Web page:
The head of the BBC’s finance intelligence team, Simon Griffiths, has challenged SAP on its roadmap for BusinessObjects, stating that it is unclear what tools the BI application will incorporate in the future and said that he doesn’t want to be constantly investing in upgrades.

Griffith said that the BBC is now an organisation that is ‘just managing cost’ after the license fee was fixed by the government for the coming decade, and that SAP’s recent acquisitions are confusing for end-users who don’t know what they mean for their existing investments.

He is currently heading up a year-long project, where the BBC is upgrading from BW 3.5 to BusinessObjects in order to reduce staff numbers and hit the required 20 percent cost saving that has been mandated across the Beeb.

Under the use of BW, cost centre managers, of which there are 1,300, had been using analysts or accountants to interpret financial data being delivered to them. It is this ‘middle-man’ that the BBC is looking to replace with BusinessObjects, by delivering intuitive dashboards to finance managers directly.

However, having now taken the plunge with BusinessObjects, Griffiths is unhappy with SAP’s communication of plans for its future.

“Where the product is going isn’t clear. Version BI 4.0 is out there now, but we are on a slightly older version of BusinessObjects. It is continually evolving and you always need to keep up with the game, but organisations that are looking to save cash don’t necessarily want to be forking out money all the time,” said Griffiths.

“Some clarity in the roadmap and the tool set that they are going to have would be nice. They keep acquiring all these add-ons, which just causes confusion about where the existing tool set is going.”

He added: “Will I have to buy something new? If so, that’s difficult. We have a strategy in place around BusinessObjects, but what at point should we upgrade to 4.0? That will no doubt require more investment, changes, costs.

“If you are a commercial organisation that’s fine, you could try bring in more revenue to afford it. But for an organisation that is just managing cost, it’s even more difficult to justify spending money.”

His comments echo those of Alan Bowling, the current chairman of the SAP User Group, who was speaking to customers at the Group’s annual conference in Manchester this week. Bowling used his keynote to highlight to SAP discontent surrounding BusinessObjects.

Bowling said: “Many of us that have already invested in SAP BI and BW want to know if we’ll be treated like completely new SAP customers, if we move to using SAP BusinessObjects. Or will we be given discounts to account for the fact we have already invested in similar technology from SAP?

“[Without] clarity and understanding from SAP about the investments its existing customers have already made, we could find many organisations are unable to move forward.”

He added: “These sentiments were mirrored in our recent membership poll with the vast majority of respondents stating they did not understand the benefits to them of the Ariba, SucessFactors and Sybase acquisitions. Our message to SAP is: Don’t forget those customers that paid for these acquisitions through their licence and maintenance fees. Get better at communicating to these customers. “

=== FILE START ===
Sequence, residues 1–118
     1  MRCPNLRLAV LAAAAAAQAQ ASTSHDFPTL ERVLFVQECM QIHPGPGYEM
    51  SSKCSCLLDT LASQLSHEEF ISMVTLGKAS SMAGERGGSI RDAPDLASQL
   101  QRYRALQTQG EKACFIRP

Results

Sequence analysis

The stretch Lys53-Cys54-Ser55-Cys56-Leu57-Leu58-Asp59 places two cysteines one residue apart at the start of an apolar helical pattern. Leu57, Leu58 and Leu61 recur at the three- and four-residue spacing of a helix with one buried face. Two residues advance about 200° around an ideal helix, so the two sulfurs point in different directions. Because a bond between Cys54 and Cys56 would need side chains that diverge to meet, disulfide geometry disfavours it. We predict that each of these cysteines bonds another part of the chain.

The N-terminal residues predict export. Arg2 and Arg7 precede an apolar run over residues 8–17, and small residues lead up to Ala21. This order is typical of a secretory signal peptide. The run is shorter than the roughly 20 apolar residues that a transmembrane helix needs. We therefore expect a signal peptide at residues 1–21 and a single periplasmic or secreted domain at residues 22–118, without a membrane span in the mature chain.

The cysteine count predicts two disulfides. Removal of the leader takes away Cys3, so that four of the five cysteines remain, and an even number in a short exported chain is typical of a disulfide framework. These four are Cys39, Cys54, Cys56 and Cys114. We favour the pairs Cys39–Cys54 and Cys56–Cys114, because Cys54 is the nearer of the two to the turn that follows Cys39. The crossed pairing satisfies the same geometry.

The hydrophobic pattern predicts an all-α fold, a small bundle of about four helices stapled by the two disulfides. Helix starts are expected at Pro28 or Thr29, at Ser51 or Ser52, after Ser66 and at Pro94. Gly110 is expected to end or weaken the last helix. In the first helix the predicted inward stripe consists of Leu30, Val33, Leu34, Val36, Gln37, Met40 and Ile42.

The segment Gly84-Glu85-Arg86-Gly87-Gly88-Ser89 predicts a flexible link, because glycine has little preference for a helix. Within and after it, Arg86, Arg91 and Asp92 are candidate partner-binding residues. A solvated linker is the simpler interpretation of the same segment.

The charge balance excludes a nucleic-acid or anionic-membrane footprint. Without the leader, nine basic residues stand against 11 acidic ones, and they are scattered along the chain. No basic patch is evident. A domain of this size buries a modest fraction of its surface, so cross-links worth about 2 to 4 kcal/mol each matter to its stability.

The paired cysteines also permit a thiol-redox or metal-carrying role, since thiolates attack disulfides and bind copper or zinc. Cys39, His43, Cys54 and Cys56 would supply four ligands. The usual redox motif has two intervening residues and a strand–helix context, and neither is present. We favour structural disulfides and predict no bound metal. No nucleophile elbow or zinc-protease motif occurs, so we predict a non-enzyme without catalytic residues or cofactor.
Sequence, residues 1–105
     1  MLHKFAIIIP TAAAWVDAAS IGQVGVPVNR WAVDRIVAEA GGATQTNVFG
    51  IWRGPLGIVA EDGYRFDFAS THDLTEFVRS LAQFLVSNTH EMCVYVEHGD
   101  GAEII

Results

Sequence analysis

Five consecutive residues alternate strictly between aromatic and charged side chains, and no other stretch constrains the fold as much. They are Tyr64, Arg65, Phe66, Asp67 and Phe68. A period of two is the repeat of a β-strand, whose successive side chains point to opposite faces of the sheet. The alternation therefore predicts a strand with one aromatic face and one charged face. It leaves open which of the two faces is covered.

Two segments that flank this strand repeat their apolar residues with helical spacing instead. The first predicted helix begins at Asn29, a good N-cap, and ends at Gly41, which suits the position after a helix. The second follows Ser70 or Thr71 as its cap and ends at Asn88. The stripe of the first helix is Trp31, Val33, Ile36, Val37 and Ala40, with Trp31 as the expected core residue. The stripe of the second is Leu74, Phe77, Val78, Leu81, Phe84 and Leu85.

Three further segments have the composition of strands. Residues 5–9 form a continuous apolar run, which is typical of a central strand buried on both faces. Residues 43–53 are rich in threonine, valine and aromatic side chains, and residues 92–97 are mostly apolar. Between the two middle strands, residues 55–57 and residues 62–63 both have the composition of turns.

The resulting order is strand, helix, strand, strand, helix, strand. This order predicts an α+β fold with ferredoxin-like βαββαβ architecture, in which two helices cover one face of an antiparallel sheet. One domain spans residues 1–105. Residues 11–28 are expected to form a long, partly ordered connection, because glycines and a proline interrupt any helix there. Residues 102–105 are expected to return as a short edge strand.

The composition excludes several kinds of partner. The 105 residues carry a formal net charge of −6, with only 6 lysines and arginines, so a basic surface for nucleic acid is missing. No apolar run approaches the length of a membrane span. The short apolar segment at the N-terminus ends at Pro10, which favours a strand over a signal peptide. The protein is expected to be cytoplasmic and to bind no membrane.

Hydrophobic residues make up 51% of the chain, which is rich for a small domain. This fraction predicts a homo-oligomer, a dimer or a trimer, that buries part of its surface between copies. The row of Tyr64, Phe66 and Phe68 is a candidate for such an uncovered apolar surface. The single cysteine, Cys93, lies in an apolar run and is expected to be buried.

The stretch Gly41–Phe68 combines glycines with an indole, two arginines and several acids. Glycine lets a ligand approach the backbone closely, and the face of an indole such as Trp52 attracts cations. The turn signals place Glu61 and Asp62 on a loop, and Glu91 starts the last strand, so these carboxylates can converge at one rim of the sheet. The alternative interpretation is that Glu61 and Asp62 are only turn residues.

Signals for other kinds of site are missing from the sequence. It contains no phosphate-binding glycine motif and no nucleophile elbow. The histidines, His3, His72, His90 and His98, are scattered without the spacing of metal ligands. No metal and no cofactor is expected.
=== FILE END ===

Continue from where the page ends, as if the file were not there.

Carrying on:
Griffiths said that he knew he would end up with an SAP product because the BBC has a longstanding relationship with the software giant (over ten years), and so choosing a different vendor would have been a ‘difficult commercial decision to make’.

The finance intelligence team allocated two people to work on the project, as Griffiths was determined to implement the product using in-house skills, instead of following the ‘old-fashioned BBC style of getting a load of consultants in who go away at the end leave you sitting there wondering what on earth happened’.

Aside from the 20 percent cost saving that is required from the license fee freeze, the BBC also wanted to free up some productivity time for managers.

He said: “The license fee announcement was the facilitator to take effort and activity out of the business. We wanted to release more time for managers and support people to actually look at decision making, rather analysing the past.”

However, Griffiths did say that there were challenges in extracting the data from the BW warehouse and he has also faced queries from cost centre managers who are now faced with a more complete view of their finance data.

“Were there any issues with getting the data out into BusinessObjects? Yes, it’s an art, but it’s not a science. We are on quite an old version of BW (3.5) and we have got a big project coming up to upgrade to ECC 6.0, so we have got quite an old estate. As a result, we had to find out how to extract the data, rather than read the book,” he said.

“To an extent it’s trial and error. You need people around that can think and that are reasonably intelligent. Put them in an environment where they are allowed to experiment, because it is sort of an R&D activity.”

He added: “Also, when you are exposing new data to a cost centre manager, as we are, they begin to see stuff about payroll, expenses that they never got to see before. They start finding holes in the data. In which case you have to say well it’s up to you to try and now fix it.

“If you expose new data, you expose new problems.”

In other news, SAP’s managing director for the UK, Tim Noble, took to the stage at the annual User Group conference in Manchester this week and bravely told customers that despite constrained budgets and difficult economic conditions, SAP will not allow users to park maintenance costs on unused software licences.

Noble did say, however, that if customers do want to park their unused licences they should talk to their account or commercial teams, because they might be able to come to an arrangement that allows users to defer costs of unused licences to new software licences.